It was a phone conversation but the biggest takeaway of our interview with musician Alokananda Dasgupta is that she has the clarity of an established director. She knows exactly what she wants to say, and anything disingenuous won’t do. Like when she was asked about the work that inspires her, she thinks long and hard for almost 45 seconds without trying to fill the awkward silence with a name.
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Having written scores for last year’s Trapped, the recently-concluded Amazon original Breathe and the upcoming Netflix original Sacred Games, Dasgupta’s filmography looks both tastefully curated and intentionally low-key. It has the precision of a young actor trying to build credibility through a variety of short films, web series and critically-acclaimed films. From being one of the few women in the profession, the lack of respect for background scores in Indian films, to the different techniques to tackle assignments of different lengths – Dasgupta spoke about everything:
1. Coming from a family where your father is an accomplished poet and a director, how did music happen?
Music happened through him actually. Our father wanted us to become classical pianists and we got into music through playing Western classical. Even otherwise we were always surrounded by cassettes, vinyls, we were listening to all kinds of music and talking about it. But I think, the main focus was always that my sister and I learn the piano and not do anything else. He was a unhappy when he found out eventually that I wouldn’t be a pianist, but was somewhat relieved that I got into compositions.
2. Was it always film music or did you harbour ambitions as an indie music artist?
It was neither actually. I went to York University where studied classical piano (theory + composition) and realised that everyone upon graduating suffered from existential questions like – what now? What should I do now?
People in general look down upon you, if you tell them about your degree in music because it is not a degree in medicine. Bollywood films were never on my radar, even though we had grown up watching them. And all that changed when I heard the music for a movie called Aamir. I was still studying and that was my moment of realisation that these kind of films are also being made in Bollywood. And this kind of music can also work for them.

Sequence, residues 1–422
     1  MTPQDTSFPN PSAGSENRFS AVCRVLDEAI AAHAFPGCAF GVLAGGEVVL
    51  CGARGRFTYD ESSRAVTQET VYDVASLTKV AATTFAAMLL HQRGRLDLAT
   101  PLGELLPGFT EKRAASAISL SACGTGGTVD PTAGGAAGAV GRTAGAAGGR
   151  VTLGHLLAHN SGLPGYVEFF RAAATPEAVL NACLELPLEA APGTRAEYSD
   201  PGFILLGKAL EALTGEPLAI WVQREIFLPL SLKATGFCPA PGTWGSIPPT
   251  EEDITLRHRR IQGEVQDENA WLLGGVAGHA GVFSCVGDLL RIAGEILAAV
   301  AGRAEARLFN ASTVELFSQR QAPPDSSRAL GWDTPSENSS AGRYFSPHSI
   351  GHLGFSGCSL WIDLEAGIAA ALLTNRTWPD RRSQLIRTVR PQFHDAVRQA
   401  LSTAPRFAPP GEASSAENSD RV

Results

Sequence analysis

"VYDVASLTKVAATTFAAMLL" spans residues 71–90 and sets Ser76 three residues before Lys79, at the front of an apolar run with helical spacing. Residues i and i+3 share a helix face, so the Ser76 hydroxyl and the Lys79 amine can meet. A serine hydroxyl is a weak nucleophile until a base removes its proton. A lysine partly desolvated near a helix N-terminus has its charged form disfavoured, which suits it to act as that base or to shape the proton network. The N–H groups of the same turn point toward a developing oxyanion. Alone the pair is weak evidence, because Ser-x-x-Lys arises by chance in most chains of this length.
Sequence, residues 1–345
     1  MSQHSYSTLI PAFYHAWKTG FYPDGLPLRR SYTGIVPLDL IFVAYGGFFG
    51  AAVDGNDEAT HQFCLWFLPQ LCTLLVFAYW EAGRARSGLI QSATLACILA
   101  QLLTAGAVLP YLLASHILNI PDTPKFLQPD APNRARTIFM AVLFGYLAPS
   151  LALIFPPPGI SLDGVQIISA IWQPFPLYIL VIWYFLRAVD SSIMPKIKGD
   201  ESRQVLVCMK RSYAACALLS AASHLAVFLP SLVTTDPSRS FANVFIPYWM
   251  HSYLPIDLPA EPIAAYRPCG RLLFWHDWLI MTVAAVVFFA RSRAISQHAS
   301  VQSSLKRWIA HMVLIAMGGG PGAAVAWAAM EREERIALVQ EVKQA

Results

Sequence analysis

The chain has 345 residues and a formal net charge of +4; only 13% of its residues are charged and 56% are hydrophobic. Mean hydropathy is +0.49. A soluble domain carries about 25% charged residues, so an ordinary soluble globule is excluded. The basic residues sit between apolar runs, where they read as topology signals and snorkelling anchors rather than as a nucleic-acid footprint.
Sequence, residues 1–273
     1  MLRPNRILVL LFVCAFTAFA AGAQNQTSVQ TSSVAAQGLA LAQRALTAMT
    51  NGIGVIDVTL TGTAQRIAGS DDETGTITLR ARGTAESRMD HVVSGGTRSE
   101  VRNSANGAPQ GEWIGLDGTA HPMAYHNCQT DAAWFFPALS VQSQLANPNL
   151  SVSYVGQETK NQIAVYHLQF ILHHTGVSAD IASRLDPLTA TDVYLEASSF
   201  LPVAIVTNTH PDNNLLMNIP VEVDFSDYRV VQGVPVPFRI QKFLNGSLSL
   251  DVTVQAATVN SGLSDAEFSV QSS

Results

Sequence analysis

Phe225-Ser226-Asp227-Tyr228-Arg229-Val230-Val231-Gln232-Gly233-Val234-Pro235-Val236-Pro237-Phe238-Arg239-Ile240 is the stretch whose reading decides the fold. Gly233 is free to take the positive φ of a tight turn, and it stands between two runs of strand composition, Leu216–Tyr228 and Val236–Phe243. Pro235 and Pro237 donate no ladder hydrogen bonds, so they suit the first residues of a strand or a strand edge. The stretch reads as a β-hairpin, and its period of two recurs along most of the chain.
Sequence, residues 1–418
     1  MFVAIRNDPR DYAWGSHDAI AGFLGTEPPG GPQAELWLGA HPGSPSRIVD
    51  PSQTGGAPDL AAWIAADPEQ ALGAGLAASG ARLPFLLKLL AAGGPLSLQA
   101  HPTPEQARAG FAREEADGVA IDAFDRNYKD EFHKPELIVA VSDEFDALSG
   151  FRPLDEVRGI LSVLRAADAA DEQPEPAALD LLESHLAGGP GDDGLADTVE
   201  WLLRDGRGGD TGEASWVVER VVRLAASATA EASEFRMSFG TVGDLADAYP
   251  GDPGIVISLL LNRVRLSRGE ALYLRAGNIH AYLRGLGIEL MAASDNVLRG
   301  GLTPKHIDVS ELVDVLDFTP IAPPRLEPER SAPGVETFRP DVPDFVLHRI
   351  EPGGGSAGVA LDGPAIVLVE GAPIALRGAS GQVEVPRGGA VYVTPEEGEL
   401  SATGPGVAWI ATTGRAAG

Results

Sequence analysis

3. What were your influences while growing up?
There were many, many influences and there was absolutely no filter in our consumption. I remember listening to Ry Cooder’s slide guitar in Paris, Texas (1984) at the age of 8-9 and it really stayed with me. And then obviously the main themes of Feluda and Pather Panchali stuck with me, we would hum it all the time. I liked scores from the very beginning and I absorbed them even without being completely aware of it. In India, background score isn’t something people would pay attention to or even listen to an album full of background theme music. Which I guess is slowly changing…
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4. Is it? Is the Bollywood audience changing?
I think people underestimate the audience, the truth of India is if you’re not making songs then you don’t matter. But then there are also you and I, and so many like us who listen to soundtracks for Hollywood films or look up OST albums on YouTube at 3 in the morning.
5. How does the process change between films and a web series differ – at what stage do you come in either of them?
Breathe was my first web series, and I came in during the post-production after they were done editing the episodes. I’m also doing Sacred Games (Netflix web series starring Saif Ali Khan), and over there I came on board much earlier… at the start of post-production. I read the screenplay for the show and came up with a few ideas of my own. The process is quite different, with a web series it’s far more mechanical. For Sacred Games I had a few ideas to draw from, but with Breathe it was watching the episodes, talking to the director and coming up with it.